[¶15] Once a vehicle has been validly stopped and its occupants lawfully detained, law enforcement officers may constitutionally order the driver and passengers out of the vehicle, even in situations not amounting to arrest. See State v. Haverluk, 2000 ND 178, ¶ 20, 617 N.W.2d 652; State v. DuPaul, 509 N.W.2d 266, 270 (N.D. 1993); see also Maryland v. Wilson, 519 U.S. 408, 410 (1997) (passengers); Pennsylvania v. Mimms, 434 U.S. 106, 111 (1977) (driver). This Court has also determined that no constitutional violation occurs when a law enforcement officer opens a vehicle door after receiving no response from vehicle occupants, see, e.g., Lapp, 2001 ND 140, ¶ 15, 632 N.W.2d 419; State v. Konewko, 529 N.W.2d 861, 863 (N.D. 1995), and when an officer is unable to see inside a vehicle because of its tinted windows. See State v. Anderson, 2006 ND 44, ¶¶ 36-37, 710 N.W.2d 392; compare State v. Ferrise, 269 N.W.2d 888, 890 (Minn. 1978) ("[T]here is little practical difference between ordering a driver to open his door and get out of his car, on the one hand, and opening the door for the driver and telling him to get out, on the other. In this case, if the driver had not gotten out of the car on his own, the officer could have opened the door and told him to get out."). Here, despite Little and the other officers' repeated efforts to obtain a response from the individual lying in the back seat of a non-running vehicle in "sub zero weather" over a twenty-minute period, they saw "no movement at all." We believe the officers could reasonably form the belief that the person lying in the back seat, if not in need of assistance, was attempting to avoid detection. We conclude that, under the totality of the circumstances at this point, the law enforcement officers had probable cause to arrest the individual lying in the back seat, not only for physical obstruction of government function under N.D.C.C. § 12.1-08-01 and preventing arrest or discharge of other duties under N.D.C.C. § 12.1-08-02, but for the burglary that had occurred at the bar.
[¶16] "In making an arrest, an officer is under no obligation to retreat but has the legal right to press forward and accomplish the arrest." Jones v. Ahlberg, 489 N.W.2d 576, 580 (N.D. 1992); see also N.D.C.C. § 29-06-13; Schell v. Collis, 83 N.W.2d 422, 425 (N.D. 1957). Because law enforcement officers had the right to open a door to the white vehicle when the person in the back seat failed to respond, they certainly had the right to use appropriate forcible means to effectuate the arrest. See, e.g., Winters v. Adams, 254 F.3d 758, 761, 766 (8th Cir. 2001) (officers acted reasonably in smashing the window of a vehicle after occupant rolled up windows, locked doors, and refused to exit); Miller v. Page, 2005 WL 3557426, *7 (W.D. Mo., Dec. 28, 2005) (officers did not act unreasonably in breaking vehicle window to extract occupant who failed to respond to request that she roll down window and show her driver's license and refused to exit car); Lane v. State, 172 A.2d 400, 405-06 (Md. 1961) (search and seizure was lawful even though officers broke window of vehicle to prevent occupant who had locked doors from driving away); Qualls v. State, 947 So. 2d 365, 372 (Miss. App. 2007) (when individual seen inside car did not respond to officer's requests to exit vehicle, officer had probable cause to break car window and detain occupants for additional questioning, and at the very least, charge them with misdemeanor failure to comply with lawful commands of police officer). Under the circumstances here, the officers' use of a locksmith to open the vehicle door to effectuate the arrest of the occupants was eminently reasonable under the Fourth Amendment. An arrest warrant was not required. See Linghor, 2004 ND 224, ¶ 8, 690 N.W.2d 201 ("Under North Dakota law an officer is authorized to arrest a person, without a warrant, for a public offense committed or attempted in the officer's presence; when the person arrested has committed a felony, although not in the officer's presence; and when a felony in fact has been committed and the officer has reasonable cause to believe the person arrested to have committed it"); N.D.C.C. § 29-06-15(1)(a-c).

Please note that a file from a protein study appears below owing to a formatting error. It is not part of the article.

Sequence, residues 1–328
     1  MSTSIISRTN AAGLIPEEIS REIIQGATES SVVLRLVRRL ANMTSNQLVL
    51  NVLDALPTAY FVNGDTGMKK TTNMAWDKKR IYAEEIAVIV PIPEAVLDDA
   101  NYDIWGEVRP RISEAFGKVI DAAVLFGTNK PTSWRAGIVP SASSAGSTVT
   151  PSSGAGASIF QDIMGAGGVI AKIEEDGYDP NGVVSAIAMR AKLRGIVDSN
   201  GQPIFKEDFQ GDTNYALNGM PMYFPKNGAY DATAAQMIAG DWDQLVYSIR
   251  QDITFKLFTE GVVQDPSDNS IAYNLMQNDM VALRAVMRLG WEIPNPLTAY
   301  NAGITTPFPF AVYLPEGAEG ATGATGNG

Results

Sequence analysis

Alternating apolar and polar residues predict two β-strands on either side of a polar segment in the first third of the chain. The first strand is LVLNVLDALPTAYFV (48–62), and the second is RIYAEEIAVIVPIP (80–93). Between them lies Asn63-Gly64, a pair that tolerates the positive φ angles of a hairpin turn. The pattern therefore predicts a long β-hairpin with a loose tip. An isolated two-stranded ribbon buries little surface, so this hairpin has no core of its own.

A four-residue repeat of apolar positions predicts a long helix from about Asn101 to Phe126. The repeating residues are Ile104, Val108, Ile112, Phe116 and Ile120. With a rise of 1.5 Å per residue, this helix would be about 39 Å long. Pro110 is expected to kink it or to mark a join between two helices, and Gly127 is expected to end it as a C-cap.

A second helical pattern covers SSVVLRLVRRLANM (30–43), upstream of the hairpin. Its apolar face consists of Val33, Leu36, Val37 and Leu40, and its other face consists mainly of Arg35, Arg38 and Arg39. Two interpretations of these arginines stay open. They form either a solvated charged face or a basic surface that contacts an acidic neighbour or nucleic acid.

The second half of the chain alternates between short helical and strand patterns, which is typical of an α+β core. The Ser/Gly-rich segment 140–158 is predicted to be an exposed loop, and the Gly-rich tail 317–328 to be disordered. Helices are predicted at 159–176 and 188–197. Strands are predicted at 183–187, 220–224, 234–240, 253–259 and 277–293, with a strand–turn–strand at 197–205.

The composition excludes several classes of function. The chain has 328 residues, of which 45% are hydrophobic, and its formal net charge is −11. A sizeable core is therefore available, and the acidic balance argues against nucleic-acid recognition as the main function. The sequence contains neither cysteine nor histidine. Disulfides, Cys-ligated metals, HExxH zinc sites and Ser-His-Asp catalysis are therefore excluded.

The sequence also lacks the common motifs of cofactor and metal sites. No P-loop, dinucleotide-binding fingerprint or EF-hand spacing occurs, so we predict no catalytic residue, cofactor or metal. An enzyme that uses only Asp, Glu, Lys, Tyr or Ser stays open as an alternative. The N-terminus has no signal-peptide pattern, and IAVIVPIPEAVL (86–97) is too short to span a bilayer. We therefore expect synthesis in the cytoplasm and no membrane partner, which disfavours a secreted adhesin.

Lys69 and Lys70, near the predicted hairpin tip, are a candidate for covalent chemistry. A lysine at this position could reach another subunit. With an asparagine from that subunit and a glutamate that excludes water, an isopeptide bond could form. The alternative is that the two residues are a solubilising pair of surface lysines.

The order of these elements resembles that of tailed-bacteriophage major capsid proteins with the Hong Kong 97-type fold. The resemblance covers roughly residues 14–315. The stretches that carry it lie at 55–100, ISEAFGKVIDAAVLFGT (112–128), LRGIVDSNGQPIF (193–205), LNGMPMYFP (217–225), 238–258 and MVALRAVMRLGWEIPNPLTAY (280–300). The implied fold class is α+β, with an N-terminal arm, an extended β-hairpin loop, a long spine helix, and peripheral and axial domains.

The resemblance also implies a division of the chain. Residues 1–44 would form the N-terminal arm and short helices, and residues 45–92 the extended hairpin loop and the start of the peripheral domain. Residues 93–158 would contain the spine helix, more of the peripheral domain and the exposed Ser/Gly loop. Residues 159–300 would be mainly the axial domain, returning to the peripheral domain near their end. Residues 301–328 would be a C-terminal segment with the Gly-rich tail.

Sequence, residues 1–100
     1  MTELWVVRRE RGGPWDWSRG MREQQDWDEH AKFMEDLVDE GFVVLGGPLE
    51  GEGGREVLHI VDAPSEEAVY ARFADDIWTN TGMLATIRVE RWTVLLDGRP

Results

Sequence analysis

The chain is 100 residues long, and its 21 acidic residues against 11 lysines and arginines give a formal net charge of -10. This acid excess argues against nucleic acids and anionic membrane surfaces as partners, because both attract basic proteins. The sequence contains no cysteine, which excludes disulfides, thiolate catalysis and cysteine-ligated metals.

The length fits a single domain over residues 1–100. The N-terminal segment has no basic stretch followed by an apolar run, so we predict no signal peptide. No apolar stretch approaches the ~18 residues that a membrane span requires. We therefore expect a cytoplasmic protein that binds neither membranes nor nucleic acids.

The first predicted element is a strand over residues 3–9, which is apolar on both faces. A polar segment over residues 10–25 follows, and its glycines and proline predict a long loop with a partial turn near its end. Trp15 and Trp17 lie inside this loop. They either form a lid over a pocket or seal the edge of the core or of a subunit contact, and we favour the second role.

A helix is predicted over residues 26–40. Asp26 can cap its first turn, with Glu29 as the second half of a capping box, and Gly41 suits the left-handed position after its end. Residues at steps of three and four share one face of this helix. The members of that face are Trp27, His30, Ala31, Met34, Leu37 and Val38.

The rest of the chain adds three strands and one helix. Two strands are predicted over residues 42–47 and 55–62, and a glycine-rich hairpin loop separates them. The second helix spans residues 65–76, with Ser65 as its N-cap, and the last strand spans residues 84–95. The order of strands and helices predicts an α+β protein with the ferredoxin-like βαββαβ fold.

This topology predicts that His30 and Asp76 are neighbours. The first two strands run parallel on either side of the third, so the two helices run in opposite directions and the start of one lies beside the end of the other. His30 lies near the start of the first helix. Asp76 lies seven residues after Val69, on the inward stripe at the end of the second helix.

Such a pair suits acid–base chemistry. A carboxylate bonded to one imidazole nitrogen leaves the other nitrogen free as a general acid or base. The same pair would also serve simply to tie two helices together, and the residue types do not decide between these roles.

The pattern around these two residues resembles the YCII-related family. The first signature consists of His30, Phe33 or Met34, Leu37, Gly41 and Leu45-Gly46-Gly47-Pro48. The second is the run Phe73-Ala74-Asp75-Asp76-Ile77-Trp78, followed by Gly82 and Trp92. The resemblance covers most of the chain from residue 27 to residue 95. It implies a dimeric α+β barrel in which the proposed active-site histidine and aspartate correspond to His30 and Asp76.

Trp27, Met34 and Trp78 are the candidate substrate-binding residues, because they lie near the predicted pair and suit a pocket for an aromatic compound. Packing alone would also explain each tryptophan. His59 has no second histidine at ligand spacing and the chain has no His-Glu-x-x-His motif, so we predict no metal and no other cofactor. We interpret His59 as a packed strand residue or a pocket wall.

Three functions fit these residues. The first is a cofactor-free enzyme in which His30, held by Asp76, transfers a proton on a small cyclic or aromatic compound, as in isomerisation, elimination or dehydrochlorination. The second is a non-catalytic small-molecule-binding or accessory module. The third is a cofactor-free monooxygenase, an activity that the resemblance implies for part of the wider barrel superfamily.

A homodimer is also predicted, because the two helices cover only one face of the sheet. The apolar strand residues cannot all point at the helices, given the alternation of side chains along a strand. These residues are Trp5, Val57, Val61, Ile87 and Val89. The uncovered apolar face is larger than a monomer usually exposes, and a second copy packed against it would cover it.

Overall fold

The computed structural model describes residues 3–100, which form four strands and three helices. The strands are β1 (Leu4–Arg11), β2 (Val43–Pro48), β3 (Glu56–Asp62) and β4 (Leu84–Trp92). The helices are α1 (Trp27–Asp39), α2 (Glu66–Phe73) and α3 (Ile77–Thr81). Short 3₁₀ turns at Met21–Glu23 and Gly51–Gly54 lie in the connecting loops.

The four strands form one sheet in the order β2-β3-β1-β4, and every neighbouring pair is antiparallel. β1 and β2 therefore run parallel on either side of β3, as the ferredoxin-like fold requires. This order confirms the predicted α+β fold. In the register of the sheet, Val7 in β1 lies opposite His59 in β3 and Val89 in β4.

[¶17] Once the door to the vehicle was opened and Washington was discovered hiding on the floorboard of the front seat, the officers had probable cause to arrest Washington as well. Barros shined his flashlight through the open door of the vehicle and saw gloves, a hammer, and a crowbar under the driver and passenger front seats in plain view. See State v. Parizek, 2004 ND 78, ¶ 22, 678 N.W.2d 154 (officer's "use of a flashlight to see inside of the van does not render her observations illegal under the plain view doctrine"). Consequently, seizure of this evidence would have been justified under the plain view doctrine or as incident to a lawful arrest. See Anderson, 2006 ND 44, ¶ 38, 710 N.W.2d 392. The officers' use of caution in obtaining a search warrant before proceeding further, and their subjective beliefs as to the existence or nonexistence of reasonable suspicion and probable cause are of no moment. "An officer's subjective intent plays no role in ordinary probable cause Fourth Amendment analysis." State v. Leher, 2002 ND 171, ¶ 11, 653 N.W.2d 56; see also Westmiller, 2007 ND 52, ¶ 10, 730 N.W.2d 134 ("The reasonable suspicion standard is objective and does not hinge upon the subjective beliefs or motivations of the arresting officer").
[¶18] We have considered the other arguments raised by Washington and deem them to be without merit. We conclude Washington's Fourth Amendment rights were not violated in this case and the district court did not err in denying his suppression motion.
[¶19] The amended order deferring imposition of sentence is affirmed.
|[¶20]||Gerald W. VandeWalle, C.J.|
Carol Ronning Kapsner
Mary Muehlen Maring
Daniel J. Crothers
Dale V. Sandstrom